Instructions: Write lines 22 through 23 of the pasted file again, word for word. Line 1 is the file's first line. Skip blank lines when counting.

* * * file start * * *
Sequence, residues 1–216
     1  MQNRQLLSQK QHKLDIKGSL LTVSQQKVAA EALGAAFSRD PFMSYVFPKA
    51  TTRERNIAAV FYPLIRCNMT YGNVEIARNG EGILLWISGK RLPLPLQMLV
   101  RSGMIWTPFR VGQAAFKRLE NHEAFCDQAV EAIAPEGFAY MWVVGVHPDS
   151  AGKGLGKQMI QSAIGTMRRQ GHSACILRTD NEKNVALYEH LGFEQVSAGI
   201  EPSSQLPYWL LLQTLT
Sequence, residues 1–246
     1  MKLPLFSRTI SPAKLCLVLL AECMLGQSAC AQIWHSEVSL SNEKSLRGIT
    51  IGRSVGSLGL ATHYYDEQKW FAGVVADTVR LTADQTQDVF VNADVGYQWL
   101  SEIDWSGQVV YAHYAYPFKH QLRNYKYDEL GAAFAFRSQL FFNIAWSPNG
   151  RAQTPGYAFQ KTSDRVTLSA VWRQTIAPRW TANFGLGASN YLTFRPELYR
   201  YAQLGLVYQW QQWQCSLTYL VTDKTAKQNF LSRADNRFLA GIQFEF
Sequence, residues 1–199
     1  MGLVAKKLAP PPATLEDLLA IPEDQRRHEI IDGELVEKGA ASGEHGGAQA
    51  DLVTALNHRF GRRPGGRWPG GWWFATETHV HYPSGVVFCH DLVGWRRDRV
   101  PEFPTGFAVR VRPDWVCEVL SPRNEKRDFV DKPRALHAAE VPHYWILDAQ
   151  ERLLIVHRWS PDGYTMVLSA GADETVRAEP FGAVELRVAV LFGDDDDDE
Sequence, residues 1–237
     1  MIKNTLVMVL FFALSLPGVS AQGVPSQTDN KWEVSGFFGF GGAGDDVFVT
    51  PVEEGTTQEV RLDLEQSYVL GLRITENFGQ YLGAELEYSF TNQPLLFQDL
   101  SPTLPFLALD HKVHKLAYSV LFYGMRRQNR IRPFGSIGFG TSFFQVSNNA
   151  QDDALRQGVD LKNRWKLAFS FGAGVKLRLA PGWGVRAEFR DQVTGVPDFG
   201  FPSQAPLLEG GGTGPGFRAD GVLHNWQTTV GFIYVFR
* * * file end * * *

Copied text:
   151  QDDALRQGVD LKNRWKLAFS FGAGVKLRLA PGWGVRAEFR DQVTGVPDFG
   201  FPSQAPLLEG GGTGPGFRAD GVLHNWQTTV GFIYVFR